A Five Nations, smaller Super League calendar: our plan to save international rugby league

Aaron Bower
George Williams, Jack Welsby and Harry Newman

International rugby league is, to put it mildly, in a horrendous state of affairs. This is a situation that was emphasised more than ever at the weekend with an underwhelming Test match between England and France.

But when the international game is essentially an afterthought, is it any surprise? For too long, the game has shouted how it needs to put international rugby league first and then simply moved on without so much as a serious debate.

Love Rugby League has, therefore, attempted to put forward a plan which could begin to encourage shoots of growth on this side of the world. It will require buy-in from all stakeholders, and doesn’t need Australia, New Zealand or nations on the other side of the world to get involved.

But in time, it could help establish the international game in a way never seen before. This is our five-point plan.

1. Congest the Super League calendar

The first, and most obvious, point is for IMG, the Rugby Football League or whomever has pulling power over the clubs to thrash out a revised domestic schedule – with fewer games at the heart of it.

Fewer games means fewer opportunities for home fixtures and to generate revenue, which will inevitably get push-back from clubs: many of whom expect revenue to be handed to them on a plate. But there are ways to counter this and, if done properly, clubs could only lose one home fixture – which is explained in more detail below.

There would also be adequate opportunities to recoup any losses from those games.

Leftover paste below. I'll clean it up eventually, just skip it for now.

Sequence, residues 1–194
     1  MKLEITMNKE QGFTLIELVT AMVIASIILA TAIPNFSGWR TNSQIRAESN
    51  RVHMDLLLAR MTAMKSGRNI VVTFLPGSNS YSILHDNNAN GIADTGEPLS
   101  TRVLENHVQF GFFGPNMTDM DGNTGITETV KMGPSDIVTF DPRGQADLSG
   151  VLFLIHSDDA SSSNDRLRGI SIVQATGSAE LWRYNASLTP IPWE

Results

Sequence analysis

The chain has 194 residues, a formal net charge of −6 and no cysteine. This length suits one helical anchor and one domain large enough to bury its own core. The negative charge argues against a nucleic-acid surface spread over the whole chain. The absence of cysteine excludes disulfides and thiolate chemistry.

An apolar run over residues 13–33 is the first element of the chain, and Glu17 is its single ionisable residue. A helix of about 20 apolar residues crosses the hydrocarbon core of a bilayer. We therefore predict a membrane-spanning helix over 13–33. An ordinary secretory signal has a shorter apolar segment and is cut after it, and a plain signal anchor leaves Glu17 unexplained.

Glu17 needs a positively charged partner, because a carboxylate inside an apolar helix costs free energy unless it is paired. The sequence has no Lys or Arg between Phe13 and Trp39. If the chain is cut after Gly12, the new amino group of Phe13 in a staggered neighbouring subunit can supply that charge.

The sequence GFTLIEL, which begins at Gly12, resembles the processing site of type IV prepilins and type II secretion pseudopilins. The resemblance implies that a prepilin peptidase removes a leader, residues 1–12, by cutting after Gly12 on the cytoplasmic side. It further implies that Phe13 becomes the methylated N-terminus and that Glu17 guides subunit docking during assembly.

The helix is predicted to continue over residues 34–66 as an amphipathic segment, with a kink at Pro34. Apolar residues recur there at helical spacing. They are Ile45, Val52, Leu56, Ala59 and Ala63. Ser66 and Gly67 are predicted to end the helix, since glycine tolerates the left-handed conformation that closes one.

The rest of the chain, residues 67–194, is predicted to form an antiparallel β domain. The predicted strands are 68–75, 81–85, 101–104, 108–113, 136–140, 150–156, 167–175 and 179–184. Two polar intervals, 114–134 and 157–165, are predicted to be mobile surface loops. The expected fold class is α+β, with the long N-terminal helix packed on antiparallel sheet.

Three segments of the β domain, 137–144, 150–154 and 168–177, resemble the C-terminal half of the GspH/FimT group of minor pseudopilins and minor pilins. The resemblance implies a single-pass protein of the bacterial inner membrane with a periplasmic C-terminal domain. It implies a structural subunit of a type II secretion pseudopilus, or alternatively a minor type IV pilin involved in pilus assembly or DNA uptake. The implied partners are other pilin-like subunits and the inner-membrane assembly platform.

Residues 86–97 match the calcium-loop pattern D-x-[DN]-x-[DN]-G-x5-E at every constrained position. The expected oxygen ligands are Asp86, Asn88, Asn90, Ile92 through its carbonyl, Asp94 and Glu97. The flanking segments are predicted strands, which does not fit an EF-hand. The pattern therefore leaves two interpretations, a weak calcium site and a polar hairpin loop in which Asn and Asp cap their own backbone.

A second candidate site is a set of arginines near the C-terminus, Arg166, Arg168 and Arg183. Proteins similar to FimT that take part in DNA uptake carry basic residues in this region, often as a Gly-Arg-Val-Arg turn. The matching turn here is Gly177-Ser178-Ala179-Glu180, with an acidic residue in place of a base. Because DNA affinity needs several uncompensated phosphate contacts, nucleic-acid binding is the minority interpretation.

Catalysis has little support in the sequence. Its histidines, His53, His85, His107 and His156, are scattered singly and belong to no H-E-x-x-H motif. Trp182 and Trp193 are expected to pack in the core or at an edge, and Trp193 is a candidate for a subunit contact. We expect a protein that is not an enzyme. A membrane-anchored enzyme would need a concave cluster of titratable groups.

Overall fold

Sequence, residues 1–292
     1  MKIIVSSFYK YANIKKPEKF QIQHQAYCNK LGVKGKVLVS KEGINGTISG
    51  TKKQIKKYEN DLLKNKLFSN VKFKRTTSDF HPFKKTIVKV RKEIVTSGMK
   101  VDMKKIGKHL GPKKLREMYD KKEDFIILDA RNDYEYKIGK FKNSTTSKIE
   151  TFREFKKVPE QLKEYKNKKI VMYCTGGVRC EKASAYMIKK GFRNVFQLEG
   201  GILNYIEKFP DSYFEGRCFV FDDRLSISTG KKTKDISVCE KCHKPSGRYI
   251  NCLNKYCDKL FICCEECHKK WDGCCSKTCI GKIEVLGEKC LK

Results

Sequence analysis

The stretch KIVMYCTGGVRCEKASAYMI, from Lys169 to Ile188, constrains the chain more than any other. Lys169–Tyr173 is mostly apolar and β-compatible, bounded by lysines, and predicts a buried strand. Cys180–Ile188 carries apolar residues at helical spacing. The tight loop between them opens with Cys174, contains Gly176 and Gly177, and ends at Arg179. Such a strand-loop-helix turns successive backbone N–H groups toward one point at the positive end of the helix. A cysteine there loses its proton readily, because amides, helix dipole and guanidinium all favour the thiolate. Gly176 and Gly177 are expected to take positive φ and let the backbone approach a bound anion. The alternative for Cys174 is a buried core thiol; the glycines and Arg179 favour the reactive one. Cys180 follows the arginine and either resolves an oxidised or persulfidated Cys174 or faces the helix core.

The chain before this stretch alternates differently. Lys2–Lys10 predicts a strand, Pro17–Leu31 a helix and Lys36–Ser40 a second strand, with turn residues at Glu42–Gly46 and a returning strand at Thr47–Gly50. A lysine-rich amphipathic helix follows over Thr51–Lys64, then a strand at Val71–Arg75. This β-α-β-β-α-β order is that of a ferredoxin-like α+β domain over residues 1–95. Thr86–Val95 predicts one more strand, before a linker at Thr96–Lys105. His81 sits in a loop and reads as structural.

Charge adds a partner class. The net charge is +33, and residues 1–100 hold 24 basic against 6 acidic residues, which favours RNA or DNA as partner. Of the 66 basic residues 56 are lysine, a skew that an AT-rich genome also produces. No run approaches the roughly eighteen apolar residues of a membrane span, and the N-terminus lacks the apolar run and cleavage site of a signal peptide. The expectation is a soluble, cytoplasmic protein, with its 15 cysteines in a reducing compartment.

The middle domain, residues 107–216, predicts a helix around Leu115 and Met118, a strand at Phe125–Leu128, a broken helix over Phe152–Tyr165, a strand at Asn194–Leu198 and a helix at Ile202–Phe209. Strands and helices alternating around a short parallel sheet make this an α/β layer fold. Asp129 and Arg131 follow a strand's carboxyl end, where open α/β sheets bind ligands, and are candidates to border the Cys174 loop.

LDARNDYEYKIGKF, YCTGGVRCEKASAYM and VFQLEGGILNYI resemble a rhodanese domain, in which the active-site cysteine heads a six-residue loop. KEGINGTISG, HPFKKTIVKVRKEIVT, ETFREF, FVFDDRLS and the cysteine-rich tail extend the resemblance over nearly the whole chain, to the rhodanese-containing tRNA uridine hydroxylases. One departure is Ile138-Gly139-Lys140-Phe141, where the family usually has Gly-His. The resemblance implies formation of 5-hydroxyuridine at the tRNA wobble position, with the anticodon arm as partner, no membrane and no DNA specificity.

2. Allocate a month in the summer

With two fewer fixtures and the season starting one week earlier, you automatically have a four-week window – when you add in the existing one-week international break mid-season – free to allocate to the international game.

There’s countless things you can do with this: camps, ad-hoc fixtures or, preferably, a structured and thought-out plan revolving around tournaments and long-term growth. If there are Super League fixtures that need to be rearranged, it’s entirely possible they could be played in this window: but with international players unavailable.

Suddenly, there is a window to do something significant in June or July: and it wouldn’t end there.

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3. Select the England squad from Super League Origin

Earlier on in the year, potentially around Easter, you reintroduce representative rugby league at a much earlier stage in the season with something many believe there would be an appetite for: a Super League-style Origin match between Yorkshire and Lancashire.

You don’t have to call it Origin: you can establish its own identity. But the match takes on significance because there is one key catch: the England squad for the summer is picked solely from players who are featuring in the Origin match. Of course, there are exemptions for players like Mike McMeeken, who are not from either of the two areas represented.

But with players knowing they have to be in strong early-season form to be in England contention later in the year, it ramps up the significance of everything.

This doesn’t need to be a free weekend: you can have a round of Super League fixtures on the same weekend and if needs be, cap the number of call-ups from each clubs. It’s highly unlikely any leading club would be decimated by England selection; Wigan had four players on duty against France on Saturday and would have still fielded a strong side, for example.